Author Diane Mariechild once said, “A woman is full circle. Within her is the power to create, nurture and transform.” African women are tapping into this power to not only break glass ceilings in Hollywood (see Lupita Nyong’o and Michaela Coel), in media (see Zain Asher and Bozoma Saint John), and in fashion (see Charlene Dunbar and Maria Borges), but also to make great strides in other non-conventional fields such as conservation, tourism and social justice.
Conservation and related fields have generally been male-dominated, due to traditional gender hierarchies that prevail in society. Despite this, according to Fiesta Warinwa, Director of Corporates and Foundation Relations at the African Wildlife Foundation, women are crucial to the conservation plight. “African women are the natural custodians of the environment. They pay the price when it comes to the social and economic effects of factors associated with environment and conservation.” Women also have a hand in the development of tourism and social justice, with female activists making their mark by speaking up and fighting for their rights and rightful representation.
One of the most renowned figures working in conservation today is Dr. Paula Kahumbu, a Kenyan ecologist who is leading the charge in protecting elephants from extinction due to poaching. Having started her conservation career early, becoming a park ranger after leaving school, she became involved in the debate around ivory when she was asked to measure Kenya’s first ivory burn in 1989. Since then, she has become a prominent and outspoken figure in protecting Africa’s natural heritage, particularly in her work since 2007 as CEO of Wildlife Direct, a nonprofit set up in Nairobi to support these efforts – whether attending the landmark ivory burn in the city in April 2016 or working with Kenya’s First Lady, Margaret Kenyatta, on the Hands Off Our Elephants campaign. Speaking at the Conservation Lab in 2015, she posed a question summarising her passionate and unafraid stance on conservation: “It’s time to stop being polite. Poaching is a war being waged against Africa. Why aren’t our leaders taking action?”
Another individual who has been asking difficult questions and forging the path for women in conservation for some time is Dr. Kalema-Zikusoka, the founder and CEO of Conservation Through Public Health, star of BBC documentary Gladys the African Vet and Uganda’s first wildlife veterinary officer. Specialising in biodiversity conservation by instilling a sense of value in tourists and locals, Kalema-Zikusoka comments: “Conservation methods will help strengthen the tourism industry as well as increase awareness on how to take care of certain animals. For example, in Uganda tourists learn not to track mountain gorillas when they are ill as they can easily pass on fatal diseases to them.”
Pioneers like Kahumbu and Kalema-Zikusoka are inspiring a new crop of do-it-yourself, determined African women dedicated to protecting their heritage. And they don’t come any more determined than the Black Mamba Anti-Poaching Unit, a 26-strong group of seriously badass, all-female rangers who are putting themselves on the front lines of the conservation battle by patrolling South Africa’s Balule area, a patch of land plagued by rhino and bush-meat poachers, unarmed. Since 2014 they have reduced rhino poaching by 65 per cent and been awarded both the UNEP Champion of the Earth Award and Rhino Conservation Practitioner of the Year.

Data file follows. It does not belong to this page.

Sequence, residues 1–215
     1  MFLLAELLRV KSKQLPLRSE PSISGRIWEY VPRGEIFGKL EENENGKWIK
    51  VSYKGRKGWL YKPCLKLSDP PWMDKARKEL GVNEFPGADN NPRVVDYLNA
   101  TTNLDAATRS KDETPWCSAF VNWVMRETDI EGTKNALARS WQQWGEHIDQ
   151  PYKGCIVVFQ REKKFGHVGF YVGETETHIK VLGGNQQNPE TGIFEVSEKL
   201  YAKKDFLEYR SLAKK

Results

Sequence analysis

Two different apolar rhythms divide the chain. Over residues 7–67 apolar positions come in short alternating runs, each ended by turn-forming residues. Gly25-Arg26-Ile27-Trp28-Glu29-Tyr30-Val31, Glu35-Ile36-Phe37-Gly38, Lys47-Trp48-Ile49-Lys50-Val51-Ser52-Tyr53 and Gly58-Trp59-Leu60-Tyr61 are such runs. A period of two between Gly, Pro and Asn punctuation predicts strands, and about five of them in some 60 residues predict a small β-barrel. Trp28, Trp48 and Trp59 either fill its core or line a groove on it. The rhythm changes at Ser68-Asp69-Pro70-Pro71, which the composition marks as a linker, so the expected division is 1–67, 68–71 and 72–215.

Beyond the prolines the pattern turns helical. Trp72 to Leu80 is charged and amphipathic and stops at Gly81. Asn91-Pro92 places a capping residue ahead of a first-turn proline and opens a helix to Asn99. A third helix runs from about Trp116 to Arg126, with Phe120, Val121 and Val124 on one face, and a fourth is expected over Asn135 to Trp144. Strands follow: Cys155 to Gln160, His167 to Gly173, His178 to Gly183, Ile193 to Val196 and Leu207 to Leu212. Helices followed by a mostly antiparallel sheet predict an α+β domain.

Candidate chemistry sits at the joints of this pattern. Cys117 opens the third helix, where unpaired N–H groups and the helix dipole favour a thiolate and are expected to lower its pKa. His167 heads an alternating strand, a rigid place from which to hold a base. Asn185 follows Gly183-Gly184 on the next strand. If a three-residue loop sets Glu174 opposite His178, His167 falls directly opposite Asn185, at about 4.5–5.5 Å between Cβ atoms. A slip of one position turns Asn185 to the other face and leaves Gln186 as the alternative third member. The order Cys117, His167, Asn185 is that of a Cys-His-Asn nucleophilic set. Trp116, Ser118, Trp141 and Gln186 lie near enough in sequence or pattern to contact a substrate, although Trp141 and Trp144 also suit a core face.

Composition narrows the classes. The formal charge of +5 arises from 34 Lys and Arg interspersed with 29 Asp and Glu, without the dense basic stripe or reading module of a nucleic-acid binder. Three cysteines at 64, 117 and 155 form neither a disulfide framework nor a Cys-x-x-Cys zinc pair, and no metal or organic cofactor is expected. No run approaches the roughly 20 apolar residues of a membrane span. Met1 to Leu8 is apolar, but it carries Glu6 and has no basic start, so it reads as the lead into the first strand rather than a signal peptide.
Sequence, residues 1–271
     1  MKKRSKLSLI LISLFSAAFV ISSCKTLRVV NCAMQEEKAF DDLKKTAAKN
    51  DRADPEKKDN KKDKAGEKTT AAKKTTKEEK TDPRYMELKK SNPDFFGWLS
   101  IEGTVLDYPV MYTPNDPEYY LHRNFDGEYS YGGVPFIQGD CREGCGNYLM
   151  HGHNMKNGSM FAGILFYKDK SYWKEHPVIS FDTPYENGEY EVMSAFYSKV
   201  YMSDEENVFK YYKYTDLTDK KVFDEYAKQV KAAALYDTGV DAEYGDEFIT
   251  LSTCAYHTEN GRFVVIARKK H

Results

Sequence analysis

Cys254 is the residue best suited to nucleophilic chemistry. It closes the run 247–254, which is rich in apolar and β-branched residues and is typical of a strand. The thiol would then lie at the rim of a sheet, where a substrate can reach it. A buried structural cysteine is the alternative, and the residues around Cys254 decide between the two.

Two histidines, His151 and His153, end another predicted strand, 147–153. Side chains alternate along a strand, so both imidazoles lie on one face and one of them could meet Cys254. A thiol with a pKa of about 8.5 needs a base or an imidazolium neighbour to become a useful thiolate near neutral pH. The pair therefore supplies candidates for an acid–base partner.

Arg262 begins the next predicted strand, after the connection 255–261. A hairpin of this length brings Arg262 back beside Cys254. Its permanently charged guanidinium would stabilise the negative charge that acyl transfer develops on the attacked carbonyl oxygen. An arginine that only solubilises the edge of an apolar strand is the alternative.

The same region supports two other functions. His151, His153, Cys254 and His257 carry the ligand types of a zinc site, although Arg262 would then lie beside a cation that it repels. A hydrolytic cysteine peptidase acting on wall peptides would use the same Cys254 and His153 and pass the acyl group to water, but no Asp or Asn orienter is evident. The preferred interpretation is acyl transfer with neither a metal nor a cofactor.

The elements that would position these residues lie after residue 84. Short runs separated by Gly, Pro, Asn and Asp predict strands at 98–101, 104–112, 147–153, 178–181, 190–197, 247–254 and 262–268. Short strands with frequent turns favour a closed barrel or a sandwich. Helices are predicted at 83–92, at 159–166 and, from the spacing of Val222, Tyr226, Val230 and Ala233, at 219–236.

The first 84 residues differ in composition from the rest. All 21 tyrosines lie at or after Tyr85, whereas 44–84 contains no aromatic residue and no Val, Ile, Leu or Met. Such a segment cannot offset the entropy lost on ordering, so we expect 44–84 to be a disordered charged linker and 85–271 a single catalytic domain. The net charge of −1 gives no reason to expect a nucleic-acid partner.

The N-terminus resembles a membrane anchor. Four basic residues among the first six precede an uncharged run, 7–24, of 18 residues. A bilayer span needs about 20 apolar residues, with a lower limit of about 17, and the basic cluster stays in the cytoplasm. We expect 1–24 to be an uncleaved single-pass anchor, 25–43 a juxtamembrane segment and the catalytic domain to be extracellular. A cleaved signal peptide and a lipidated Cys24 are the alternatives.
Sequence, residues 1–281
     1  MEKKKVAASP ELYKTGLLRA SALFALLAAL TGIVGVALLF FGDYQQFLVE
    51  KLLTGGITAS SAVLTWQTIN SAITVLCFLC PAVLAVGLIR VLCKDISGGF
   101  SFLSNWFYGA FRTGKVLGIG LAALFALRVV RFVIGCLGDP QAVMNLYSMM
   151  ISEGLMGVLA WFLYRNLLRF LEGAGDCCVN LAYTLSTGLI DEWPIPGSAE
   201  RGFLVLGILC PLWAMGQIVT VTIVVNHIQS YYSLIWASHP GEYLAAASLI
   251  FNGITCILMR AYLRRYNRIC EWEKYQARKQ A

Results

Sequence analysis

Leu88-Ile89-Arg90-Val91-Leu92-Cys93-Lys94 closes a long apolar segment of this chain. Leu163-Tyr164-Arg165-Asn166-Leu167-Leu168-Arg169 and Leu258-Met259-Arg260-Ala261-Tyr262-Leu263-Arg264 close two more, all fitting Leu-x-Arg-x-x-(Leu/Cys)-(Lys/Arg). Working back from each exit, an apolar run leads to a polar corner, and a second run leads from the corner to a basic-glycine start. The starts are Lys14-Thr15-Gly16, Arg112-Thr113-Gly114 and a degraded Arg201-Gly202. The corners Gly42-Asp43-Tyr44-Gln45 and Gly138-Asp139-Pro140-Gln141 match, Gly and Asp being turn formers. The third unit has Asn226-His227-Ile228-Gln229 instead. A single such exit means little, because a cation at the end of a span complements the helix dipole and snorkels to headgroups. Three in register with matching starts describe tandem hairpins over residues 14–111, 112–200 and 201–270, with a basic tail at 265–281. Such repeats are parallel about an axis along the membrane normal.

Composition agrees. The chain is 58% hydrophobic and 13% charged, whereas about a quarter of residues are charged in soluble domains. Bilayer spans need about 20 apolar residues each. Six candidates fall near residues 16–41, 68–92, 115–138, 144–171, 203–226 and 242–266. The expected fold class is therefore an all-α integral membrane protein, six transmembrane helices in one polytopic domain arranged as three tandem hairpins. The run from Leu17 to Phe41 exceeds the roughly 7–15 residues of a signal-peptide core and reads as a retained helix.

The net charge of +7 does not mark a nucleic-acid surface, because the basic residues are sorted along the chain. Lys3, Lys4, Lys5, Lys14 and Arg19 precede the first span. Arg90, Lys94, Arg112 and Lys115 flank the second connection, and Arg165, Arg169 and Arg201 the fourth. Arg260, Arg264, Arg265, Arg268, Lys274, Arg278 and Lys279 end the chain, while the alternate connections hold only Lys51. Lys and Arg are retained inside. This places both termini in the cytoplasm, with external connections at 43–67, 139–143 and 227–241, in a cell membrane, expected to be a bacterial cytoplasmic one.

Crucially, they work with surrounding communities to educate them on the benefits of protecting their natural heritage as part of the belief that “the war on poaching will not be won with guns and bullets, but through local communities and education”. Indeed, the majority of the Black Mambas come from these impoverished communities, giving them a significant voice in overcoming patriarchal dominance and persuading both local men and women to combat the war on poaching without violence.
Winnie, a 22-year-old Mamba, comments, “I am proud to be a Black Mamba. Many people don’t know that a woman can do this job. We will show them that we can do it. When our children grow up, they will know the Big Five and love and respect nature.” Twenty-one-year-old Leitah continues, “The poachers have big guns and we have pepper spray and handcuffs; but we are not afraid. We are fighting for the animals and showing people that women can be beautiful and strong.”
Over in Kenya’s Maasai Mara, Agnes Kilena mirrors the Mambas’ determination to get involved with day-to-day conservation efforts in her role as the first female guide to work in the Mara, as part of the team at Basecamp Explorer. Born in the Amboseli area, Kilena studied hospitality at college before securing an internship at Basecamp, going on to the Koiyaki Guiding School before being hired as a guide.
For Kilena, the opportunity to show other young women in the local community that they can be directly involved in conservation is paramount. “My position right now means a lot to me as I am now a role model to the other women in the Maasai community and I want them to see that women can do just about anything a man can do as well – such as working in wildlife conservation”, she says proudly. Her eventual goal is to progress into wildlife management to further her impact on protecting endangered species.